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In Search of the Lost Future Interview – Takuma Terashima

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Back in October, we asked fans to send us their questions for the Japanese voice cast of “In Search of the Lost Future.” We got so many great questions that it was hard to choose! Take a look below at part 1 of our 3 part series of interviews. First up, we’ve got Takuma Terashima, the Japanese voice of Sou Akiyama.

 

Q: In Search of the Lost Future has a lot of unexpected twists and turns. When you went in to record those early episodes, did you know what was going to happen over the series? Do you prefer to know how the show ends and voice act from there, or do you like to discover the twists as your characters (and the audience) do?

 

A: I think that depending on the show and the character, in some situations, it’s better to know how the story will unfold and in other situations, it’s not. But for this show, I played my character without knowing, and other than the immediate future and changes to his emotional state, I figured it was better that I didn’t know anything, so I refrained from asking. When I read the scripts, I was especially surprised by the events in Episode 1 and the story that unfolded towards the end.

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Terror in Resonance Official Interview

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The following interview with Shinichiro Watanabe, renowned director of Cowboy Bebop, Space Dandy, and the hit thriller Terror in Resonance, was originally posted to the official Japanese Terror in Resonance website before the series launched. We hope you enjoy it, and make sure to watch Terror in Resonance every Thursday at 12:50pm Eastern! Click here to watch now.

 

Interviewer: Tell us the story of how Terror in Resonance came to be.
Watanabe: I think to some people, it looked like I took a break and didn’t work from around 2007 until I made Kids on the Slope in 2012. But actually, during that time, I prepared many project proposals. However, due to the recession and other factors, it was hard to get any of them approved and made. Terror in Resonance was an original project that I came up with during that period. I created the proposal before the Tohoku earthquake, about 4 or 5 years ago.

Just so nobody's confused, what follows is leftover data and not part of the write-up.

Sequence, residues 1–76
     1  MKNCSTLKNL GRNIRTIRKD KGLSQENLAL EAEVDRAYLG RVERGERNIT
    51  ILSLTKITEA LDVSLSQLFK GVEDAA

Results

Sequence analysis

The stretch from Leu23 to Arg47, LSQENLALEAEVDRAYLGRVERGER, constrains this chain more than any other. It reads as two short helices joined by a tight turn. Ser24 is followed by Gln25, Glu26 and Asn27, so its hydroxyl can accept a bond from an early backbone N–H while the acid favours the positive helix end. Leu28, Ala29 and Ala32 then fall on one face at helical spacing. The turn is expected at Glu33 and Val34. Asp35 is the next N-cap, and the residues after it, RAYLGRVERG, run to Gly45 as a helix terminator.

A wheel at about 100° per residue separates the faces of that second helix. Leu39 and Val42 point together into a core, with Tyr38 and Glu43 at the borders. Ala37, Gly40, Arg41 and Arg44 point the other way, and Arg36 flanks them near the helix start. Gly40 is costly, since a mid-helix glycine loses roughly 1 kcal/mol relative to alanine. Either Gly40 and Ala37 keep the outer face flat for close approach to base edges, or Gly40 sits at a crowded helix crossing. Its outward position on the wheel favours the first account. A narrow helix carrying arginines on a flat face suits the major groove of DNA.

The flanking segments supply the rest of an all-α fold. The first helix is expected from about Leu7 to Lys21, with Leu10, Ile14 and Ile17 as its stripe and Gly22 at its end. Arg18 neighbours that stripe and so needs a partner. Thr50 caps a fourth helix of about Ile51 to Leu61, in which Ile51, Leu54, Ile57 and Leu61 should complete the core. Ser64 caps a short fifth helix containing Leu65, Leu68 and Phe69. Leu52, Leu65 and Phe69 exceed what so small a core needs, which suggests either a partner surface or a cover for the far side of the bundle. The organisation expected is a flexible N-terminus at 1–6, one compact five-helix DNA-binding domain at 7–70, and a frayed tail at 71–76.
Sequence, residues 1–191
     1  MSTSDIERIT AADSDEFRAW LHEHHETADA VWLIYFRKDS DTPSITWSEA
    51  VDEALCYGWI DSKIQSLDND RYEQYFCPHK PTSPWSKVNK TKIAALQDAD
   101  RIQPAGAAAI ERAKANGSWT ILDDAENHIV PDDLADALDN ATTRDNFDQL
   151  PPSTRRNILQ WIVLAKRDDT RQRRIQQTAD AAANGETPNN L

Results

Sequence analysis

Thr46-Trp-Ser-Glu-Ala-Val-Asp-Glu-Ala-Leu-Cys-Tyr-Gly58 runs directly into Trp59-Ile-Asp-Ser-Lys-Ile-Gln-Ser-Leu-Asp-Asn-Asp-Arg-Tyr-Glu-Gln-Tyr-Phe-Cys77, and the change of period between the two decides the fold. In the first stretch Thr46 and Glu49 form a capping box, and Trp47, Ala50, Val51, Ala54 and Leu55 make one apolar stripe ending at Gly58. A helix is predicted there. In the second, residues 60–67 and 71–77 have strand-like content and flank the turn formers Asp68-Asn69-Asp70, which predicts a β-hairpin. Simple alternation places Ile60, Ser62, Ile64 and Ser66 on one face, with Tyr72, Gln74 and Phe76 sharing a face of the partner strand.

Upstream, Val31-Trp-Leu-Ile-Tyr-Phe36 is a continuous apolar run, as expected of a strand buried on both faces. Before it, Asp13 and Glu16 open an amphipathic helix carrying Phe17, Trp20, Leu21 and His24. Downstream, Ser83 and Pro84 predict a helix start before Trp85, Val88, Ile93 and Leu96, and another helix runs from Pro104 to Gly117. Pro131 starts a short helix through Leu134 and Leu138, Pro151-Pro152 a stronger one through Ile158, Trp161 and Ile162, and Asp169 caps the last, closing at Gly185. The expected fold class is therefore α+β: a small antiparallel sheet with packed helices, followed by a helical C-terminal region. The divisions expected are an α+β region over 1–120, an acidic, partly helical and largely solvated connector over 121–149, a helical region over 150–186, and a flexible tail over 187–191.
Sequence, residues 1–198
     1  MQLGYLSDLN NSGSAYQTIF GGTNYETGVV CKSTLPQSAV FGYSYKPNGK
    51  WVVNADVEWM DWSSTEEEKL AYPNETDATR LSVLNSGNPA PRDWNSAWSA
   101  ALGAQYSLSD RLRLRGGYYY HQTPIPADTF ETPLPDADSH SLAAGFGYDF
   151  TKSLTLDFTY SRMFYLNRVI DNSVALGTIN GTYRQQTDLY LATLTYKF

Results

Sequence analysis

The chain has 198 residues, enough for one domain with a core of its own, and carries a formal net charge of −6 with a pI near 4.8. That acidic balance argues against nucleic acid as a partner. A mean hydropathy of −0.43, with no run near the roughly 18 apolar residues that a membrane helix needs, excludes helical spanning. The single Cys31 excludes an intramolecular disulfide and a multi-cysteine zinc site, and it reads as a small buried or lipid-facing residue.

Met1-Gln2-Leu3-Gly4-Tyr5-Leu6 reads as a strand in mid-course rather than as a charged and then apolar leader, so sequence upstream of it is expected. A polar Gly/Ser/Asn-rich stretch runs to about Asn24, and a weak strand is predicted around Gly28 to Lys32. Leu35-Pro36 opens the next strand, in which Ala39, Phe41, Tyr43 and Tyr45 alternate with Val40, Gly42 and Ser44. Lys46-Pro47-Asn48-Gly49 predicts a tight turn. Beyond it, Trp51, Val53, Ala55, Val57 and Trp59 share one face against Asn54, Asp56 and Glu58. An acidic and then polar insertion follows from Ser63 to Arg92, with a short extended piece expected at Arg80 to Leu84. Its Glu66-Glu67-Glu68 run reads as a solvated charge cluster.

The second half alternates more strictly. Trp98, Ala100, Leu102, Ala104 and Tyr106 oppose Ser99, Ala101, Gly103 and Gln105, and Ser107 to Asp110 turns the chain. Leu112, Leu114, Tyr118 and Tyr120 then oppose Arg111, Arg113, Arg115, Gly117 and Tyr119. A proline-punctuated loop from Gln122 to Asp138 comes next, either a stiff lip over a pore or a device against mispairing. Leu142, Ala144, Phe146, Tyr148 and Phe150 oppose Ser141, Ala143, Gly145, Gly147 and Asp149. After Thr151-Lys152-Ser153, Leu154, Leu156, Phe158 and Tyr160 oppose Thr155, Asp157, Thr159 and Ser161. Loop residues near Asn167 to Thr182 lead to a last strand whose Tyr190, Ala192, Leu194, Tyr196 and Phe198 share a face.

Interviewer: So it was something that you wanted to make since then?
Watanabe: That’s right. About three years ago, I heard from Fuji TV about Kids on the Slope, which was based on a comic. When I received the offer, I said, “I also have this other project. Do you want to make it?” and told them about Terror in Resonance. When I did, the chief producer of noitaminA, Koji Yamamoto, said, “Well, why don’t we try having not just Kids on the Slope by itself, but also plan for the original work after that?” That was when we were finally able to start working on this.

 

Interviewer: How did you come up with the idea for this project?
Watanabe: In recent years, there have been terrorist attacks all over the world, but Japanese people seem to be under the impression that these are things that happen in countries far away. However, if there were suddenly serial bombing attacks in the middle of Tokyo, what would happen? How would we deal with that? What if the culprits were teenaged boys? What if terrorists showed up who could use current technology to lead Japan around by the nose using their smartphones? These ideas were what formed the original concept. And then, thinking about possible acts of terror that could occur in Japan, I had to think about the systems in Japan as a country and how they work.

 

Interviewer: We still don’t know much about Terror in Resonance. What kind of story will it be?